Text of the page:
Jacques Pépin (born December 18 1935) is a French chef working in the United States. Pépin was born in Bourg-en-Bresse near Lyon, and began cooking in his parents' restaurant, Le Pelican, at the age of 12. He went on to work in Paris, training under Lucien Diat at the Plaza Athénée. He eventually served as a personal chef for Charles de Gaulle and two other French premiers. Upon immigration to the United States in 1959, Pépin turned down a job offer at the Kennedy White House, and instead accepted a position as the director of research and new development for the Howard Johnson chain of hotels. He stayed at Howard Johnson for ten years. In 1970, Pépin graduated from Columbia University School of General Studies and in 1972 earned a Master of Arts in 18th Century French poetry from Columbia. A time line of his life, based on his 2003 autobiography The Apprentice is available on the KQED website (Interestingly enough, most of Pépin's cooking shows were produced by the San Francisco PBS affiliate.)
Pépin has been featured in several television shows, including shows with Julia Child; one of Child's last cooking shows was the 1999 PBS series Julia and Jacques Cooking at Home, where Child did a great deal of instructing while Pépin handled the heavier cooking loads. His work with Julia Child was honored with a Daytime Emmy Award in 2001.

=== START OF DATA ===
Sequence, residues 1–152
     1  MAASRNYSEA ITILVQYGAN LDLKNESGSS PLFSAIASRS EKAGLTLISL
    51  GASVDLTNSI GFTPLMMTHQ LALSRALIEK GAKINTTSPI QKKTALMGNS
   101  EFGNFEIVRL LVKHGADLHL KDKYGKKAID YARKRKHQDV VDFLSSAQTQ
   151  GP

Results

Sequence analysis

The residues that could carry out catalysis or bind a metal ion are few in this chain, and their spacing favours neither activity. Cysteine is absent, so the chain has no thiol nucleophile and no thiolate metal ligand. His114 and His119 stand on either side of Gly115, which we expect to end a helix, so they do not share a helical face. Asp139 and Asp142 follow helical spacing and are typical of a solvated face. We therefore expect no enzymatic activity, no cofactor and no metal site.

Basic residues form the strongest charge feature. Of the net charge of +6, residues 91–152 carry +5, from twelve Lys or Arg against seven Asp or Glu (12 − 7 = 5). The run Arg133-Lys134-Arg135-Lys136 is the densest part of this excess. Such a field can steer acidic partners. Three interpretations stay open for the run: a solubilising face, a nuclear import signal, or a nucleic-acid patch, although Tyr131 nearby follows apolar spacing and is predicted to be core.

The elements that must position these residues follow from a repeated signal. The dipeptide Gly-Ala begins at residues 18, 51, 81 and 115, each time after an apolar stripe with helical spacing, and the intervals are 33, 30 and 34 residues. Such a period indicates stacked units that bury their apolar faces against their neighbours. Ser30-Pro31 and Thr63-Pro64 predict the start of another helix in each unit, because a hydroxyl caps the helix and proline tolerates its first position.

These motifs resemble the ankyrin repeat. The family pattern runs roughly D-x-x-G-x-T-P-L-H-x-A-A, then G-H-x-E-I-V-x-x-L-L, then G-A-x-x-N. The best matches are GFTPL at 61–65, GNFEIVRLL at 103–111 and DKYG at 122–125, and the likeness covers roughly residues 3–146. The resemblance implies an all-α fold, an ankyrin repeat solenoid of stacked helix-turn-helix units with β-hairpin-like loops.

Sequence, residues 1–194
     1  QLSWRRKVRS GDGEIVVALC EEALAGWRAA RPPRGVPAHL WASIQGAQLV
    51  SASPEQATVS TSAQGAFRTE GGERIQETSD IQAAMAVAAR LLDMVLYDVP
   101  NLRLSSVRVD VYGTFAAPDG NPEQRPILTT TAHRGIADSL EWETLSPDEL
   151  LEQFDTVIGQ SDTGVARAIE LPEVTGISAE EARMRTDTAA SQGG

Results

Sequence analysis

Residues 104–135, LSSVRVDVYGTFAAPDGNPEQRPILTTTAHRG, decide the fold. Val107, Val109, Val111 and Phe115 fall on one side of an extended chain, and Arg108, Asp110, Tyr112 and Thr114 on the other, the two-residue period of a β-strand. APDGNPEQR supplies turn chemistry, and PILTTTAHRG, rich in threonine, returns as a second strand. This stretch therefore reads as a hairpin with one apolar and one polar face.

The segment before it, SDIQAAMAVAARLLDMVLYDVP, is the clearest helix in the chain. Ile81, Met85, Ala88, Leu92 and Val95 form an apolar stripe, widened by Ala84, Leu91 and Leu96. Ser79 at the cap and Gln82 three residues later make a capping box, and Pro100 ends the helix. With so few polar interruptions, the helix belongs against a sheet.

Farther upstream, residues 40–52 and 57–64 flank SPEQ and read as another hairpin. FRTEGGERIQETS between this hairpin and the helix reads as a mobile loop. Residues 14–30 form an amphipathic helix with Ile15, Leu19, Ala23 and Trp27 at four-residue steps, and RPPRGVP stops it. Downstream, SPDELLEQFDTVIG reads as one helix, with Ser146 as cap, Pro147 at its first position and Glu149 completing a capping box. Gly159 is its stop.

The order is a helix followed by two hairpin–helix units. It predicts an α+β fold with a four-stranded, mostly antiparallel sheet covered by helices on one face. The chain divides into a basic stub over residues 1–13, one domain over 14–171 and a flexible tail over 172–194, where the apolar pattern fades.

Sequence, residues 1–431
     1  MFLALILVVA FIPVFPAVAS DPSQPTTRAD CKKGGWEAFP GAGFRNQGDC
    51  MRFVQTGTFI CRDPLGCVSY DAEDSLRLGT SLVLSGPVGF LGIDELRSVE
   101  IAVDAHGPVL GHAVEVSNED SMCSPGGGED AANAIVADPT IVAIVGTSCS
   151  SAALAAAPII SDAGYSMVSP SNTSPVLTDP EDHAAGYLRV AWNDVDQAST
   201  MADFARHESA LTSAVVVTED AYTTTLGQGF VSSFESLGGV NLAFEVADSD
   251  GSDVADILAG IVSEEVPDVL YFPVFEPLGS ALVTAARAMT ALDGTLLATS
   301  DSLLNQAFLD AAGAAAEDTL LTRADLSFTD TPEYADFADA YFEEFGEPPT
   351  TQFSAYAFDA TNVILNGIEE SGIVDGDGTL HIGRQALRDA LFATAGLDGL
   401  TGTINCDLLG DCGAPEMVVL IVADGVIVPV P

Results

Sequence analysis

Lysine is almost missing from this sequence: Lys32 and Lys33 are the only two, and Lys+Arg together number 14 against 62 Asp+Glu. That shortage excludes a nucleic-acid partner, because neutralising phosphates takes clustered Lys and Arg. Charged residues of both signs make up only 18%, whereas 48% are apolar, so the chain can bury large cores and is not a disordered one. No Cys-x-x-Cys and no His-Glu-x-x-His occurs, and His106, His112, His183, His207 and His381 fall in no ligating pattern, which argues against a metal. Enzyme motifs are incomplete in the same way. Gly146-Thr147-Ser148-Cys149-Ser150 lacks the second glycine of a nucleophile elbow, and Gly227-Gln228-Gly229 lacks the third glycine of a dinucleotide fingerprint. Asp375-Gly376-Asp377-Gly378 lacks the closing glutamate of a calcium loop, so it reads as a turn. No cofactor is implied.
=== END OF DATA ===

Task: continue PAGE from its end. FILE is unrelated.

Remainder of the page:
Pépin also had a television show with his daughter, Claudine. (Claudine Pépin is married to chef Rolland Wesen.) He writes a quarterly column for Food & Wine. Over his career, Pépin has authored 18 books, including the highly regarded La Technique, used to this day as a textbook for teaching the fundamentals of French cuisine. The success of La Technique prompted him to launch a televised version of the techniques taught in the book, resulting in an acclaimed 1997 PBS series, The Complete Pépin, which he recently relaunched on PBS ten years after its initial run, noting in the introduction that now more than ever, the secret to being a successful chef and not a mere line cook lies in knowing and using the proper technique. He also received two of the French government’s highest honors: he is a Chevalier de L'Ordre des Arts et des Lettres (1997) and a Chevalier de L'Ordre du Mérite Agricole (1992). In October 2004 he was awarded the highest honor of France given to civilians, the Légion d'honneur. His show Jacques Pépin: Fast Food My Way (based on his 2004 book of the same name) runs on PBS, and Jacque Pépin: More Fast Food My Way is currently in production for fall 2008. Along with the show a new book with the same name will be released.
Pépin serves as Dean of Special Programs at the French Culinary Institute, part of the new International Culinary Center, in New York City. He is also an active contributor to the Gastronomy department at Boston University, where he teaches an online class on the cuisine and culture of France along with professor Kyri Claflin of Boston University's history department. In addition Pépin also offers an amateur class each semester based on varied topics.
Pépin currently resides with his wife, Gloria, in Madison, Connecticut.
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